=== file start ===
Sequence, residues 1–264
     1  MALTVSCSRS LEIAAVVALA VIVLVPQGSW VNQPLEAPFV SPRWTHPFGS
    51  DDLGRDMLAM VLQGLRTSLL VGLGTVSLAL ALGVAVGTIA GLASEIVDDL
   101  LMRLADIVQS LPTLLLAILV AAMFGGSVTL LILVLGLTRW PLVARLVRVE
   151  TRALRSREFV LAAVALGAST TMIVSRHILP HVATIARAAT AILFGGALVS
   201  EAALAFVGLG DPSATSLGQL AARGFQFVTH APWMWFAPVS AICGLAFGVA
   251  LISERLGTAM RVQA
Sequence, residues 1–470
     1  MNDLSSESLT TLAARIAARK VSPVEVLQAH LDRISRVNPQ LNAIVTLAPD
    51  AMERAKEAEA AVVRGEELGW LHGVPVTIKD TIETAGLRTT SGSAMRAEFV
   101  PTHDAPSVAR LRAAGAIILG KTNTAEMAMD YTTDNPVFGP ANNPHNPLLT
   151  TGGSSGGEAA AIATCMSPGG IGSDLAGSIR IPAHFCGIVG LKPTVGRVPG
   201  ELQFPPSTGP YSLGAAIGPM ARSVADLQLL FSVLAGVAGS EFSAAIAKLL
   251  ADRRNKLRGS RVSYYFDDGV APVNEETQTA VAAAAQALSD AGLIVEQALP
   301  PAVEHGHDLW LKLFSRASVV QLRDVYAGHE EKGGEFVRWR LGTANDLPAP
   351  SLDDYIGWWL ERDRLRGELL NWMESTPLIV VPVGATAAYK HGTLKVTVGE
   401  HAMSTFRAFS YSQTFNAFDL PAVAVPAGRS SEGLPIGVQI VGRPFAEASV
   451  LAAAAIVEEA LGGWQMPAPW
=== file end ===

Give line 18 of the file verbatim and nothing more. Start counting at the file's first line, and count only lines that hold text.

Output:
   451  LAAAAIVEEA LGGWQMPAPW